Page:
If you want to purchase the book you can do so here: (Or ask if they can get it in your library)

I hope this post was helpful it is in no way meant to be an advert.

*This blog was mostly typed with speech recognition software, please forgive any mistakes or oddnesses that have slipped through my proofreading process. Thank you.



A More Inclusive Mindfulness



IMG_little red buddha (Image is of a small red Buddha figure sat in front of books on a dark wood shelf)

As part of the usual New Year re-focusing, I have been working on making mindfulness and meditation a more regular part of my daily life. I have had an interest in meditation for a long time, however as I have Cerebral Palsy and use a wheelchair I have found it difficult to find a style of practice that suits me. Many of the resources I found often had a strong and sometimes prescriptive focus on certain postures and sitting positions, which made me feel like I wouldn’t be able to  get the same out of meditation as someone who could easily get into a lotus position.

However with the advent of smartphones and now the development of mindfulness apps that  have guided meditations,  meditation  has become a lot more accessible and I have found it really helpful in dealing with everyday anxieties and stresses, particularly when it comes to not getting carried away by anxious trains of thought. This has made me really enthusiastic about what it can do for people and this blog is a way of sharing that enthusiasm, as well as sharing any resources I come across along the way.

The more I read on the subject the more I see that there is still a focus on doing things in ways  that aren’t always accessible to people who have limitations and this is the main reason I wanted to start this blog.  It may be that there are not so many people that have physical difficulties who are interested in mindfulness which is why I couldn’t find many other references to mindfulness and disability on the Internet. If this is the case then this blog will simply be a nice way to document my own experiences and  development within mindfulness. However, I hope to create something that will help other people realise that mindfulness can be adapted to whatever your needs may be.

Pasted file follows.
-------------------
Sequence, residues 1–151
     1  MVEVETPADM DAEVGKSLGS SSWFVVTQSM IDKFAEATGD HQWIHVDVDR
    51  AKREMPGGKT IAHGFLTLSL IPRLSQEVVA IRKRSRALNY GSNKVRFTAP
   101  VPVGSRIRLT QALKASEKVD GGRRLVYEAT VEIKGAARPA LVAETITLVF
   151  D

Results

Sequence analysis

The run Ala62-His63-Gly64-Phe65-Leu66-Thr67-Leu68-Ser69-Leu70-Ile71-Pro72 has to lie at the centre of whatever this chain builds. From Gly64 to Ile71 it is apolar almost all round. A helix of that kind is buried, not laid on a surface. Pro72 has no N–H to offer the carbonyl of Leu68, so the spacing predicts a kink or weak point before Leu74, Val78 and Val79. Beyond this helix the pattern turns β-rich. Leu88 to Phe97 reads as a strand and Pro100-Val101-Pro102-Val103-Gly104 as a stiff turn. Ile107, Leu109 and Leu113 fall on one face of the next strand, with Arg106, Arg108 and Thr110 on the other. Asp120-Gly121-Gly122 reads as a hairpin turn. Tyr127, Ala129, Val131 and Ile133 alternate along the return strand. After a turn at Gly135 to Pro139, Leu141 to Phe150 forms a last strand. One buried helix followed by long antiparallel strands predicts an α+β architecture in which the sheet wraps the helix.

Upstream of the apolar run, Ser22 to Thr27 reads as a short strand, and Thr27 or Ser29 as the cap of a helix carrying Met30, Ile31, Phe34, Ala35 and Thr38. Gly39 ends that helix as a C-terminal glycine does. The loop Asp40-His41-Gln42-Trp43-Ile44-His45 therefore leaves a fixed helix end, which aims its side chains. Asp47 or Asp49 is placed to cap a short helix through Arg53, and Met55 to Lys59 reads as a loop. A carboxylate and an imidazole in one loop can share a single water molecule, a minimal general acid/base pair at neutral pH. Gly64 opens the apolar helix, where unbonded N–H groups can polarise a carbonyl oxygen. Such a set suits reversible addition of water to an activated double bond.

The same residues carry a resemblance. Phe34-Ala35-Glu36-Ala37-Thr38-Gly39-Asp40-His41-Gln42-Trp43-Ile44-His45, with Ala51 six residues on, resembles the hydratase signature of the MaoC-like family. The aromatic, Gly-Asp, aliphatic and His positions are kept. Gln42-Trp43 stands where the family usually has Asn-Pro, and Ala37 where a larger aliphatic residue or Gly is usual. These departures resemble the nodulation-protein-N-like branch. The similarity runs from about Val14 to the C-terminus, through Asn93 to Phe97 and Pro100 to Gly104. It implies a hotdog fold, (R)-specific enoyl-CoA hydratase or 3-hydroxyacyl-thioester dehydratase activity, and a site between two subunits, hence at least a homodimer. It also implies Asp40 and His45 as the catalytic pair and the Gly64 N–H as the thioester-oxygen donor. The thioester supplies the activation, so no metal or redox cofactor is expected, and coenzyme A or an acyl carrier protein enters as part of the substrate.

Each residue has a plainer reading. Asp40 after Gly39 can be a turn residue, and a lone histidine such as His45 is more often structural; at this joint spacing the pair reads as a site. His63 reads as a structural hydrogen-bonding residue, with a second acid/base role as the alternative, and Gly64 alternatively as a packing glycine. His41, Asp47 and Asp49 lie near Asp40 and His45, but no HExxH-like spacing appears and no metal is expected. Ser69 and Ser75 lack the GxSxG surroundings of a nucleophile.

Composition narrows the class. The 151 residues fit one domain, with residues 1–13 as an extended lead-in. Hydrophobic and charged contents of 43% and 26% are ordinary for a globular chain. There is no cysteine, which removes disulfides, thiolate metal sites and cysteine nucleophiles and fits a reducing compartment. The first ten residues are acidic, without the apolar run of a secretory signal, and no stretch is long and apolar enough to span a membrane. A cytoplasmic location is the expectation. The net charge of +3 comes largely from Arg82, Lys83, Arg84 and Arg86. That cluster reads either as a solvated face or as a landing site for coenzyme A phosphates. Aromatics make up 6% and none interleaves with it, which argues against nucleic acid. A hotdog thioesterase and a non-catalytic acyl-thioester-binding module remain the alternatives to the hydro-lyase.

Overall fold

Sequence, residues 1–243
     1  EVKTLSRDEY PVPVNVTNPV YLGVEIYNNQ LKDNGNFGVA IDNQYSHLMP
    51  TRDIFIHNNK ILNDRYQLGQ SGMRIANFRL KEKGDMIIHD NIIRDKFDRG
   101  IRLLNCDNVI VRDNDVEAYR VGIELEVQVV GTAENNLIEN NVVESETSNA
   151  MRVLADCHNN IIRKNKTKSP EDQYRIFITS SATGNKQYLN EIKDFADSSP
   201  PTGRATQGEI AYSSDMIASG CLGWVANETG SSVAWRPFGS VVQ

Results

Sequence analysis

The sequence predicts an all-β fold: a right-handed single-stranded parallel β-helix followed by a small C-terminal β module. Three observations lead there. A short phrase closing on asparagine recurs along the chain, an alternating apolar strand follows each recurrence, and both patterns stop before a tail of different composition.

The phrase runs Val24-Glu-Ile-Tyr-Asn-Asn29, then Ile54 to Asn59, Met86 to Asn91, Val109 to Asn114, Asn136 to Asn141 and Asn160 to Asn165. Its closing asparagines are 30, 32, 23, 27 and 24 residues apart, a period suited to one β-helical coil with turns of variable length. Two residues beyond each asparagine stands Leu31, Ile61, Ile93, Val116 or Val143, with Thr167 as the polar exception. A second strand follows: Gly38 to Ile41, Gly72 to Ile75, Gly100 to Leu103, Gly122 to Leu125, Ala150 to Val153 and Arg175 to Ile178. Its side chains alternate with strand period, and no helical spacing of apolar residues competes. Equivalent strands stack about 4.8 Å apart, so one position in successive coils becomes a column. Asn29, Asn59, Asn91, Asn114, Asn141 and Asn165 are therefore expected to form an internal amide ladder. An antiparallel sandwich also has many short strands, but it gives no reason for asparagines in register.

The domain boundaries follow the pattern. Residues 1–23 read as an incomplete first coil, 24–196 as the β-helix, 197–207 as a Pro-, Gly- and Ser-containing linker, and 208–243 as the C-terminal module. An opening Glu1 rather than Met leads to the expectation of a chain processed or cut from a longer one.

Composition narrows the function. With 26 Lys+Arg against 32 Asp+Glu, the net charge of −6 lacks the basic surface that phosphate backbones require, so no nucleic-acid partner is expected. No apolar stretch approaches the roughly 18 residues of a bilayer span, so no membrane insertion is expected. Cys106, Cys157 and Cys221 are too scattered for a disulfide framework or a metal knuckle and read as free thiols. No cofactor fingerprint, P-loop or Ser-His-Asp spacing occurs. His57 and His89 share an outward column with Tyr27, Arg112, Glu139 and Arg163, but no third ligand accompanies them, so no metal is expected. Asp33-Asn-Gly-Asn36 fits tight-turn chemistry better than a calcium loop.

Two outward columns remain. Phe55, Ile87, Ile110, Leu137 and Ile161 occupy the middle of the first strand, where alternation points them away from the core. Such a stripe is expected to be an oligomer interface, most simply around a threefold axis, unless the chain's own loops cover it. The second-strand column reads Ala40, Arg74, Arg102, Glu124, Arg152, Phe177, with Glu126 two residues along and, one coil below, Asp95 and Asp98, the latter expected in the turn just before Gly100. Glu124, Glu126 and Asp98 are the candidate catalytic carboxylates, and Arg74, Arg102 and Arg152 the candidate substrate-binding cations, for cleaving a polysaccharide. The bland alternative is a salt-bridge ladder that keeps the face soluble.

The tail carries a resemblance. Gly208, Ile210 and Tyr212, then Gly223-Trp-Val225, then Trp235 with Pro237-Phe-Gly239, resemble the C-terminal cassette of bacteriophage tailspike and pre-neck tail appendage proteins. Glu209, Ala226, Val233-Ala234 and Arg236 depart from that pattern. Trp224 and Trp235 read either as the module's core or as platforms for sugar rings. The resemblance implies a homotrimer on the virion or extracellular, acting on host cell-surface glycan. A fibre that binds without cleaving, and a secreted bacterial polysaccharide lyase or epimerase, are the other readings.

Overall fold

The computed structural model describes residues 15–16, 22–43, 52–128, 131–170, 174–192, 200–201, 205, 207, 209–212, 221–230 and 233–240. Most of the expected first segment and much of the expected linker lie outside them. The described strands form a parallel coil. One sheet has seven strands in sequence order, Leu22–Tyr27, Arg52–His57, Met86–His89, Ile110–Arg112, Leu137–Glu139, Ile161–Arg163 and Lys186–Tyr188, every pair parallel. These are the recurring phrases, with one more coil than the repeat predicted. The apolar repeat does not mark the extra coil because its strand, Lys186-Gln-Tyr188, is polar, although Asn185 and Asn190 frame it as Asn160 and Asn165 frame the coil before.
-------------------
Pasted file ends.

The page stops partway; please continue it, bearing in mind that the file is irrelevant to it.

After all, mindfulness is simply:

  1. the quality or state of being conscious or aware of something.
    “their mindfulness of the wider cinematic tradition”
  2. a mental state achieved by focusing one’s awareness on the present moment, while calmly acknowledging and accepting one’s feelings, thoughts, and bodily sensations, used as a therapeutic technique.

In this blog  I hope to explore my experiences of mindfulness, including my practice,  my use of apps  and my reading in a way that I hope will  make  it more accessible for people who may have  otherwise dismissed it as something that wasn’t open to them.  I hope to post something once or twice a week and I hope you will find it useful.


*This blog was mostly typed with speech recognition software, please forgive any mistakes or oddnesses that have slipped through my proofreading process. Thank you.